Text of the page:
There is no question that the last few years of my life totally turned me upside down.  Sometimes everything with Bea seems hazy – like it is hard for me to even believe some of the stuff we went through with her.  I was laying in bed last night thinking about how for MONTHS a nurse would come to the house 2 mornings a week to take her blood, look at her central line, weigh her, flush her line, etc.  There were a couple of weeks where she was on a feeding tube and I didn’t have the mental capacity to even learn how to operate the machine so I had to completely rely on Jordan.  There were conversations between Jordan and I that no parents should even have to discuss about their child.  

And with everything that happened with my Dad.  Unfortunately, all of that is still crystal clear.  I replay that Monday morning when I got the news at work at least once a day in my brain.  It paralyzes me and weighs just so heavy on my heart.

I’ve learned that while the thoughts and feelings linger day in and day out, there are certain triggers that catch me off guard.

For instance, every Monday morning driving to work is a trigger for me.  Sometimes I have to take a lap around downtown before parking in the lot because I can’t stop crying.  I talked to my Dad every morning on my way to work but Monday is especially hard because that was the morning he didn’t answer.  Instead, I go a different route and read his prayer card once I park in our lot.  Changing things up a little has helped.  

Another moment that caught me off guard recently was at Sunday night dinner.  I am so happy that we continue that weekly dinner at my parent’s house because it is a time to connect and was my Dad’s favorite part of the week.  This past Sunday my mom had family over to celebrate a couple of 60th birthdays.  Everyone was enjoying the craziness of a packed house and then I heard the electric knife going in the kitchen.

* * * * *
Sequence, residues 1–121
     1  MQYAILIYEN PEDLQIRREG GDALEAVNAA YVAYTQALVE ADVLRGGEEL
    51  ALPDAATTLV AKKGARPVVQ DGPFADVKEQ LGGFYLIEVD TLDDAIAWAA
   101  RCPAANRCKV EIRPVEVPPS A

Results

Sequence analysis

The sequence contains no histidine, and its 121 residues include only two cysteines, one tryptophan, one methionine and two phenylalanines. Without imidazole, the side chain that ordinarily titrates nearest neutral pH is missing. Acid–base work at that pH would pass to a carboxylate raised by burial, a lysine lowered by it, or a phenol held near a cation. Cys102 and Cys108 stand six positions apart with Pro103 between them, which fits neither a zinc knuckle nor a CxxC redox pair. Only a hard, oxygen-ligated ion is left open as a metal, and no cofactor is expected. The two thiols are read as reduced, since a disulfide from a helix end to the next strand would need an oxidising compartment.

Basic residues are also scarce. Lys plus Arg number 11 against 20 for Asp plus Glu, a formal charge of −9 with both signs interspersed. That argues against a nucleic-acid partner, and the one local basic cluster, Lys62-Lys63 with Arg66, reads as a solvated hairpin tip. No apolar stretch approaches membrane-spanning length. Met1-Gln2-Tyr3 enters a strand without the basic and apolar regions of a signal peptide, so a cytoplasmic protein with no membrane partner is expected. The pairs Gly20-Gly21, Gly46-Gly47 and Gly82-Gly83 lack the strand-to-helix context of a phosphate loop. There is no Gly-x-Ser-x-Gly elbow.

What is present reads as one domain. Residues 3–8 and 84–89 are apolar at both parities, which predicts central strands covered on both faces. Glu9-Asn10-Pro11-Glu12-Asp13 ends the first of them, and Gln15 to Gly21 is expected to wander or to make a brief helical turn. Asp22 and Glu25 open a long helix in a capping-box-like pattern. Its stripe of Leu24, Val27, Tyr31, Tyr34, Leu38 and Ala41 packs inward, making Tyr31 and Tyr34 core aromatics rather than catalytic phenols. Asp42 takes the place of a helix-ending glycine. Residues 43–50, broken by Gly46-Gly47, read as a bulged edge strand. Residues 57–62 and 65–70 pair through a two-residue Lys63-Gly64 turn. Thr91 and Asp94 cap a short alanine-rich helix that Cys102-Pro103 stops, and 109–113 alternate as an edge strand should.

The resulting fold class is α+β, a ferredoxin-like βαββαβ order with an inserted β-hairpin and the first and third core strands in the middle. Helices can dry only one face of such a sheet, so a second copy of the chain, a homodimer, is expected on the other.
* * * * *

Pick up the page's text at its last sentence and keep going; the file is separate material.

My Dad was the only one who ever used this knife and he did so when my Mom made pork and sauerkraut – my Dad’s favorite.  I immediately turned around and for a split second when I heard the knife going I thought about walking into the kitchen to talk to him.  When I saw my mom standing there over the pork using the knife I had a major trigger moment.  I turned to Jordan and in so many words told him he needed to go in there and take the knife from my Mom.  It wasn’t her job to cut it.

And with Bea, I have been pretty okay as far as triggers.  Very recently a coworker of mine has a family member (who is 7) that is struggling at Cincinnati Children’s.  Hearing of the news totally hit me out of nowhere.  I’ve had a lot of families reach out for advice or just to chat since everything with Bea but nothing has hit me as hard at this little girl.  And I’ve never even met her or her family.  Having the feelings of almost losing a child never goes away but when it so closely happens to another family it brings the feelings back stronger than ever.

With the hard triggers there are also good ones too.  Bring around and hugging other Dads that remind me of mine always makes me feel so good.  I have friends with great Dads and a few physically remind me of Dad and some have similar characteristics.  Just makes me feel good being around them

And good triggers with Bea happen every day that I am around her.  When I went to go look at preschools for her a couple of months ago, I started the tour with the lady there and burst into tears.  It was so emotional for me to be talking about preschool for my baby who I didn’t think was going to see her first birthday.  Happy trigger.

So – no real point or revelations to share other than keeping things honest.  One of my best friends told me that the hard triggers get easier with time.  They will still be there but have good memories associated.  

I can’t wait until that is true.


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